|Microsoft has decided they want to take over the game-console industry... not for the income per se (they actually lost money on each Xbox console sold in the first few years, something they could afford to do to buy market share), but because everyone who buys a game console has one less reason to buy a computer running Windows. And by getting into the hardware business, they're keeping the likes of HP, Dell, and Gateway (who rely on them for Windows) on edge. Sales have been disappointing, but Microsoft is determined to "own" this market as well... if they can.|
|The Sony PlayStation is an incredibly popular and powerful system, with by far the largest selection of games available. The expandability of the PS3 means it can do a lot more than just run game software (something Microsoft is reluctant to let the Xbox do, because that would undermine the "need" for Windows), and can even play CDs and DVDs. The portable PSP is in a class Microsoft doesn't even offer.|
|Nintendo has been producing computerised game machines for decades, and between the Wii (which has revolutionized the gaming industry with its interactive controllers), the portable high-tech Nintendo DS (which also features educational titles), and and their still-popular older models like the Gamecube and the ruggedly pocketable Game Boy, they have systems for most budgets and for even the most tech-hungry gamers.|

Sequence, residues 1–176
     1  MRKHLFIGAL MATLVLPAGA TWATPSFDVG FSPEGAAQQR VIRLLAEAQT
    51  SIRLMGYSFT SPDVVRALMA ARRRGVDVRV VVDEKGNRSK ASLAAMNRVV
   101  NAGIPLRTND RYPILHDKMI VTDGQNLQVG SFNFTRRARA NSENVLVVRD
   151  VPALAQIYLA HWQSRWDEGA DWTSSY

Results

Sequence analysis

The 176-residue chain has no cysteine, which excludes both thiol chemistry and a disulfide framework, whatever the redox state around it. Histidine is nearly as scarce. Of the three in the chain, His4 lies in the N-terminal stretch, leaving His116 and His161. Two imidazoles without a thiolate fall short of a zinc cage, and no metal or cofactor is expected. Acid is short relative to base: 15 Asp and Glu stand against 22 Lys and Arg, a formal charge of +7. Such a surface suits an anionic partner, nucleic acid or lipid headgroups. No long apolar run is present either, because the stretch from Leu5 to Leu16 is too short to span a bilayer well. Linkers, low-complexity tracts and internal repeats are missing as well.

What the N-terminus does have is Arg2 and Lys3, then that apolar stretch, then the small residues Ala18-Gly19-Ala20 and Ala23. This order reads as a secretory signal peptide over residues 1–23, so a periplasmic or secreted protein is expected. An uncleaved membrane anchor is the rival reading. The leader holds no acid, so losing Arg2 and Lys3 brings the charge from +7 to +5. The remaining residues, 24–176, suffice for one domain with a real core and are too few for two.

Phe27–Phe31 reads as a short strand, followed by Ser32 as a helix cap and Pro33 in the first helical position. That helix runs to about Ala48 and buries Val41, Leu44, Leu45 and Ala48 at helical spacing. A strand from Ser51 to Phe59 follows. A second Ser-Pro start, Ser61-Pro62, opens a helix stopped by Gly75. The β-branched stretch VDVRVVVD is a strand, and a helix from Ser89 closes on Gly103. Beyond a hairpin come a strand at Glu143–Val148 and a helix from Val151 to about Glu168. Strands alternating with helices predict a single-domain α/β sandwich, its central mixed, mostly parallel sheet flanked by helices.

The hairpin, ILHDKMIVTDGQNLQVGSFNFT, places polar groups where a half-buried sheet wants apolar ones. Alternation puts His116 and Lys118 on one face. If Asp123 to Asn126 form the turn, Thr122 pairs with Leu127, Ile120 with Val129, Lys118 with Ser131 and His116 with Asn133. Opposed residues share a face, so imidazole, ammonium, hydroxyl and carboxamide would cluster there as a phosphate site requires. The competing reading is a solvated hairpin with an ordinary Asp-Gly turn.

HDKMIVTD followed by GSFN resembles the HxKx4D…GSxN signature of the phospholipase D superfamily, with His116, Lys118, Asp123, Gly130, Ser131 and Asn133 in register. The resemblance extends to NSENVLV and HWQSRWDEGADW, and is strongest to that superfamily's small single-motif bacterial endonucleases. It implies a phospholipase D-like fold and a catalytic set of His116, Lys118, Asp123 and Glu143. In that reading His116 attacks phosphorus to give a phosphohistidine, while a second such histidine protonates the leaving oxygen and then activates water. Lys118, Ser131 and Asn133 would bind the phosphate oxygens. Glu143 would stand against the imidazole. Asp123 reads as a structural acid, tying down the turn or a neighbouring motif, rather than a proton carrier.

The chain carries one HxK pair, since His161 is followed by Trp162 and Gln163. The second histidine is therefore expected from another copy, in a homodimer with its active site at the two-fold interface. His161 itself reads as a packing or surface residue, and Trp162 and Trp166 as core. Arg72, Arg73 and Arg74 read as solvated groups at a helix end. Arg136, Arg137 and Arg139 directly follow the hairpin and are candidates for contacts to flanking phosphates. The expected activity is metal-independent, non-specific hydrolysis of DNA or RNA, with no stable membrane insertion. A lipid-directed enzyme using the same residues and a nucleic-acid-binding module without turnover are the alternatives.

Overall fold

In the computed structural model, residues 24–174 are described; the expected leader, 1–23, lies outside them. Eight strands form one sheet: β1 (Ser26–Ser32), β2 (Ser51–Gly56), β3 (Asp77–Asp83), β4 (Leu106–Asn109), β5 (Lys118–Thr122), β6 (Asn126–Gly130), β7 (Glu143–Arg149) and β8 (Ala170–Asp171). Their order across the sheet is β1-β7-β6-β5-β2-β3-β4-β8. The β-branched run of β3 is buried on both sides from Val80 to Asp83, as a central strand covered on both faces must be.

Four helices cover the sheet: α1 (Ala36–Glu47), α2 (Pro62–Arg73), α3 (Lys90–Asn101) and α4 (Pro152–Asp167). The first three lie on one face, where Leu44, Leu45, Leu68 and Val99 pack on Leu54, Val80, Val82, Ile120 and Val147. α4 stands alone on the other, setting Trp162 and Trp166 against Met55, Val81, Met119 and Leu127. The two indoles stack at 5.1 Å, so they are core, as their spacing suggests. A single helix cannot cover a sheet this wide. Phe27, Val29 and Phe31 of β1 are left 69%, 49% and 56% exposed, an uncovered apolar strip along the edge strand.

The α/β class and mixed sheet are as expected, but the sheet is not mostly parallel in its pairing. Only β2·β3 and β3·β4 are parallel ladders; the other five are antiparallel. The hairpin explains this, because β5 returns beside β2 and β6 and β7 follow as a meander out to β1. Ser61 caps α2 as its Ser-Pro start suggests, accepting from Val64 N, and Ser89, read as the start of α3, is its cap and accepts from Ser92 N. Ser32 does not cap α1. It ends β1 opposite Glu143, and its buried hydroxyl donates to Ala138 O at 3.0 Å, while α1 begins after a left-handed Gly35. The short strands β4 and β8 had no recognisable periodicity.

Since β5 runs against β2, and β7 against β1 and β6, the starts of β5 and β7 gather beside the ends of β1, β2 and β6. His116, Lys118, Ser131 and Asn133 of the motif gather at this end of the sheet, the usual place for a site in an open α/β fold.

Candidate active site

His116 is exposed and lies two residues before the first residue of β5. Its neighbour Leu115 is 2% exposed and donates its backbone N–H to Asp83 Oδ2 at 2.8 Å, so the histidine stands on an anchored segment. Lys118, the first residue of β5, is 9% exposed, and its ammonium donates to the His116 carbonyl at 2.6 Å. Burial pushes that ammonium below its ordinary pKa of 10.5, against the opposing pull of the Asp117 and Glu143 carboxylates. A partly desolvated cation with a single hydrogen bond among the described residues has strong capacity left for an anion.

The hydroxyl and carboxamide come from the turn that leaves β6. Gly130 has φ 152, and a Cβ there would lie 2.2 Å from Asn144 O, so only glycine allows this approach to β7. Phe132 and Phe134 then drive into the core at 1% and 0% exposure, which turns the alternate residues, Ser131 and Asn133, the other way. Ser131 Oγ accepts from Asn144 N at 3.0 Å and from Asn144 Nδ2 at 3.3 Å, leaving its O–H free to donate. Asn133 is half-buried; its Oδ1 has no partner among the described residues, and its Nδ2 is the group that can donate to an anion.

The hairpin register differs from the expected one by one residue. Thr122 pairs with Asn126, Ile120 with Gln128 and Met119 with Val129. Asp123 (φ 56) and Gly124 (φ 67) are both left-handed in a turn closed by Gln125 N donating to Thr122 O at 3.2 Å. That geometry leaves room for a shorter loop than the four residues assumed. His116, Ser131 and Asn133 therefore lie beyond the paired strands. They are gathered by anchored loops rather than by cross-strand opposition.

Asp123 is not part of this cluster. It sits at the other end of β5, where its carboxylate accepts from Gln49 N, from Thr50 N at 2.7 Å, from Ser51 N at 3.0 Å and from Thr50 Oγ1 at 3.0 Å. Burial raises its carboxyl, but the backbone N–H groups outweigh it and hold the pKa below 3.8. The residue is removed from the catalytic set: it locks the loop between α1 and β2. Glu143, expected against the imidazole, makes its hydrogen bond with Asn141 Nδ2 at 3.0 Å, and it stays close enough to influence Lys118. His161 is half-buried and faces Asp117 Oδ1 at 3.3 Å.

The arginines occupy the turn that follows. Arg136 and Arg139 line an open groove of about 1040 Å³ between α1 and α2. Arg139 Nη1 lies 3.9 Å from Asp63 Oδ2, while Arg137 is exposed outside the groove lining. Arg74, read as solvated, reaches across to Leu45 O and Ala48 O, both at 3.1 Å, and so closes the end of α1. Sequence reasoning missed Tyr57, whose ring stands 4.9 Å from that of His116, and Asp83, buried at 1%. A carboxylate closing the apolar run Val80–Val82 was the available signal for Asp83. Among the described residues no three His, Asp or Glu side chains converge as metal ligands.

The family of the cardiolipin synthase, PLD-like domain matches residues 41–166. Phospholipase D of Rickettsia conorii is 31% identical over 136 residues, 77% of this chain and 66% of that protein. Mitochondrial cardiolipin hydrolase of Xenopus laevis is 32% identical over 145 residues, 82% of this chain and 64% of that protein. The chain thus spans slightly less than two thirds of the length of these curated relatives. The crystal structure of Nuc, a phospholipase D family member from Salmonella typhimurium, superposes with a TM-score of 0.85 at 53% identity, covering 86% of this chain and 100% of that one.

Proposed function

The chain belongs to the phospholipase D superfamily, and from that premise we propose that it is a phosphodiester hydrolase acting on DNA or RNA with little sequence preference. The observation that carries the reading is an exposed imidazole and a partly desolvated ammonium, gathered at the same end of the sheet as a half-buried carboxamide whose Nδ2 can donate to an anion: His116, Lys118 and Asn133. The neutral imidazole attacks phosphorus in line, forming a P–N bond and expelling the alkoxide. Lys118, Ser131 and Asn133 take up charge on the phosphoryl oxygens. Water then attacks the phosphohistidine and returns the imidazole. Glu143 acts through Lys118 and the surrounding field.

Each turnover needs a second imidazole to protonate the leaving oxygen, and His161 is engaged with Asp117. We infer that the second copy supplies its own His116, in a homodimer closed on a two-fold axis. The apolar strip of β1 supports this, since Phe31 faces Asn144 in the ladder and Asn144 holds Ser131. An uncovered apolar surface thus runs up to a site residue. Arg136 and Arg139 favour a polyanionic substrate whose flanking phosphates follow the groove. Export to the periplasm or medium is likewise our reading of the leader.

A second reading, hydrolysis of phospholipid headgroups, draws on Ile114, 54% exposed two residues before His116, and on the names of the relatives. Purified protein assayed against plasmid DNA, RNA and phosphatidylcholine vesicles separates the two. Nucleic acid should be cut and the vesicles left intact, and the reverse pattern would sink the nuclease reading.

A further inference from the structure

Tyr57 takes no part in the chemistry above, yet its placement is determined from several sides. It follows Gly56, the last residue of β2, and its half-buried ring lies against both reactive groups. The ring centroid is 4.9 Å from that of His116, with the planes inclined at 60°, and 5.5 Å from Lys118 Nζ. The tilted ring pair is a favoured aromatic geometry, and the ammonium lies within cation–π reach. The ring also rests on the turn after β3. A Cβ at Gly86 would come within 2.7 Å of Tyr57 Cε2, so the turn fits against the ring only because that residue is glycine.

|Although Apple's Mac computers are far better - and better supported - gaming systems than many people realize, the company studiously steered clear of the game market... until the iPod Touch and iPad. These give you access to thousands of games available on the Apple App Store, using the devices internal motion sensors to turn the whole thing into a game controller.|
|With high-end game machines trying to be a "real computers", why not just use... a real computer? Computers can run more kinds of games, and because of the hefty royalties that Sony and Nintendo charge console-game developers, there are more people producing games for computers. If you already have a reasonably powerful system, you can spend the money you'd put into a dedicated console on gameware instead. (And keep in mind that "real computer" doesn't have to mean "Windows computer"; there are games for a lot of other operating systems as well.)|
|If you can live without state-of-the-art technology, you can save a small fortune by buying one of the older consoles and games for it, secondhand. You can chose from earlier systems from one of the current industry leaders (Sony's PS2 or PS one; Nintendo's N64, SNES, or NES), one of the worthy systems to fall by the wayside in the past decade (Sega, Atari, 3DO, SNK NeoGeo), or "classic" systems from the 1980's (TurboGrafx, Vectrex, Coleco, Intellivision, Odyssey2, Atari 5200/2600) for some nostalgic fun.|
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